Student involvement with BOEs discussed at state level

Published 4:53 pm Tuesday, February 27, 2018

A model from Elizabethton City Schools is starting to garner traction across Tennessee.

Recently a piece of legislation made its way in front of Senate Education Committee and was sponsored by Sen. Jon Lundberg (R – District 4) from the Tri-Cities to push for a non-voting student liaison be part of local boards of education for the 2018-19 school year.

Having the ability to have a student involved with a Board of Education allows a perspective from another avenue compared to what’s already available, Lundberg told the Elizabethton Star Tuesday during a phone interview.

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According to the bill, “beginning with the 2018-2019 school year, the composition of each local board of education shall include a non-voting student liaison. The student liaison shall attend all meetings as a traditional school board member and provide student insight into matters discussed and voted upon by the board.”

Other pieces of the bill include that the student must be in good academic standing with the school they attend and that the board would institute a policy in what would be required for students to serve on the board.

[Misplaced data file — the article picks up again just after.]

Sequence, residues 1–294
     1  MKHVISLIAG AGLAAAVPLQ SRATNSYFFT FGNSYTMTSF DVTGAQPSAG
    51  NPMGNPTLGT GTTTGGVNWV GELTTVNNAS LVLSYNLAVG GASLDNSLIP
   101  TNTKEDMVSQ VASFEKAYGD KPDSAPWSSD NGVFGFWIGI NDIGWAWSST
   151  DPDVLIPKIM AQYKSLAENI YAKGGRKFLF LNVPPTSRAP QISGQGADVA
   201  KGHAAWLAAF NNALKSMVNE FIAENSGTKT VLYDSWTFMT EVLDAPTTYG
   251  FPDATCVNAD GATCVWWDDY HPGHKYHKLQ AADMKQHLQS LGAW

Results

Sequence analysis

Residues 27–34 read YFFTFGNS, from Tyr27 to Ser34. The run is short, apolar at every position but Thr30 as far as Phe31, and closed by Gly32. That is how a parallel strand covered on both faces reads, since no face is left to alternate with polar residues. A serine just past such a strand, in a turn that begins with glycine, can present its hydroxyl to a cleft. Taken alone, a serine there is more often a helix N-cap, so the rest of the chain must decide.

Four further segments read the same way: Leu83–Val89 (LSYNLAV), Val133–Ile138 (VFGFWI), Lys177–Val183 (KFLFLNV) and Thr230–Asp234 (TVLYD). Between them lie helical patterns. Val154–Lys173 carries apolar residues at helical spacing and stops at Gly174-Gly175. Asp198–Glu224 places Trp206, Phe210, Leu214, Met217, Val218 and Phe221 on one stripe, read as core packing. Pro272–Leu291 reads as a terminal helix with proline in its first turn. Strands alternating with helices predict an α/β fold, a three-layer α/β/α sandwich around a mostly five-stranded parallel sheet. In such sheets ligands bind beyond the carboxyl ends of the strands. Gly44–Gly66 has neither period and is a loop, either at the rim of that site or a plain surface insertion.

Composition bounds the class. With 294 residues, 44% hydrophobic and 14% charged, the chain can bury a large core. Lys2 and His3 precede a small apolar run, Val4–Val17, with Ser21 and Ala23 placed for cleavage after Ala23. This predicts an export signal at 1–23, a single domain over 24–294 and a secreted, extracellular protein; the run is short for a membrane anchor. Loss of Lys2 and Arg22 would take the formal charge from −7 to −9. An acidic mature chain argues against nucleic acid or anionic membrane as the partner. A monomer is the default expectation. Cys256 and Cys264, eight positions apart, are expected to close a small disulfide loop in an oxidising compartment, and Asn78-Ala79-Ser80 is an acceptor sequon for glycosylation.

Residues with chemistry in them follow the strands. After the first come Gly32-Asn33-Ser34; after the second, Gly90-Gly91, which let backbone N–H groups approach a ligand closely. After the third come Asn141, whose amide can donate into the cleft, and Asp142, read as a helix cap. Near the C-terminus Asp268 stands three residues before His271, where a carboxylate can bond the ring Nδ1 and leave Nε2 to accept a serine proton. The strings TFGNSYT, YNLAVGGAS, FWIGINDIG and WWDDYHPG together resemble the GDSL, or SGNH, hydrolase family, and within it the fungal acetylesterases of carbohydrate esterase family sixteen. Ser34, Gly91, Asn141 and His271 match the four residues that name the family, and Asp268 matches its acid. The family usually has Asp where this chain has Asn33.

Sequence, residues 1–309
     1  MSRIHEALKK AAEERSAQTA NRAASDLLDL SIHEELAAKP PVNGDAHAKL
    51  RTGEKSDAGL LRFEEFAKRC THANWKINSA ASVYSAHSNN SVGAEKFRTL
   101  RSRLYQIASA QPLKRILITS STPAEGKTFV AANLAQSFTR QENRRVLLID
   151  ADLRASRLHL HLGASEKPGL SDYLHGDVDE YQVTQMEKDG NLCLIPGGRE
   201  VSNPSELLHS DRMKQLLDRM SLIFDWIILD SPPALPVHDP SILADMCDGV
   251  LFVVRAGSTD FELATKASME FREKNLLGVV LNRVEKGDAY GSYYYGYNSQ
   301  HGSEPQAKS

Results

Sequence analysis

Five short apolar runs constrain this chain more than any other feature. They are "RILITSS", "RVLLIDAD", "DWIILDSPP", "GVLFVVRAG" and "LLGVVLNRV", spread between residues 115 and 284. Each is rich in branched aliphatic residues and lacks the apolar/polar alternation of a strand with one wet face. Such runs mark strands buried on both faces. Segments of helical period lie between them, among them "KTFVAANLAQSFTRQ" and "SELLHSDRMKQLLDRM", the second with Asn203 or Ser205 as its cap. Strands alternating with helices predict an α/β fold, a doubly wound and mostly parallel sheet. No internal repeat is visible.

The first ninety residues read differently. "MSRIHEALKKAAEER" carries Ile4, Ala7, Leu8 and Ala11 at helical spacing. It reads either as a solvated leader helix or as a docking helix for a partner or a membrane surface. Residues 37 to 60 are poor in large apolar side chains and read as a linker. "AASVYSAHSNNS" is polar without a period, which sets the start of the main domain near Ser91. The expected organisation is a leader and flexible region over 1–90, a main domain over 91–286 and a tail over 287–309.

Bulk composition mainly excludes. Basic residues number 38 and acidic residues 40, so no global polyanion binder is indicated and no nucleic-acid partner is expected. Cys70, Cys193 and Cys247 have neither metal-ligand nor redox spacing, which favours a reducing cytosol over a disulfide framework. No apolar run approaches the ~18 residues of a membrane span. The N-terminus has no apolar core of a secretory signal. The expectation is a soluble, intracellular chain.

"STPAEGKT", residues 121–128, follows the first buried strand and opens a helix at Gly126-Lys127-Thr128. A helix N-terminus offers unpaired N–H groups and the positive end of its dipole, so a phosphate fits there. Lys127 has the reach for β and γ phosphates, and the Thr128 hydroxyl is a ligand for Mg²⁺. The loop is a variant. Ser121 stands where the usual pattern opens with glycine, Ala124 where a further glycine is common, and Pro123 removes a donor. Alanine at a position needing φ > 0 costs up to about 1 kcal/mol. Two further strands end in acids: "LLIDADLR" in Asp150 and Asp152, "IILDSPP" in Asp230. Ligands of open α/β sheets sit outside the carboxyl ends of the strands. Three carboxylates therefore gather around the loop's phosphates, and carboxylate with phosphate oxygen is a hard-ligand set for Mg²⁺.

With the bill still making its way through the proper channels, Lundberg hopes that the awareness of the bill allows BOEs across the state to start looking at the possibility of having a student liaison part of the educational process. Within ECS, the district has reaped the benefits over the past two years by having a liaison involved with the district activities.

City school officials have worked with a student liaison being part of the board during the 2016-17 and 2017-18 school years following up the implementation of the Bartleby Program — an award-winning school model created by Elizabethton High School students and recognized by the nationally-recognized XQ America organization.

Recent graduate Cory Fitzsimmons served as the inaugural liaison while senior Hannah Roaten is currently serving until the conclusion of this school year.

In accordance to protocol put in place by the BOE, students are elected by their peers in an election held at EHS. Once they are elected, they serve during the school year and bring different ideas and bits of information from peers, while interacting with the board on various topics.

“Elizabethton should be applauded for their efforts,” Lundberg said. “Most don’t have that in place but the school system took the initiative to make sure student representation is part of their educational process.”

Lundberg added that having students involved with the inner-workings of education allows them to receive feedback on a variety of issues, including the impacts of economic development involved with education and having feedback on different issues that may have not normally been discussed in school.

In the State House, Rep. Harold Love, Jr. (D – District 58) has his own version of the bill which is also making its way through committees.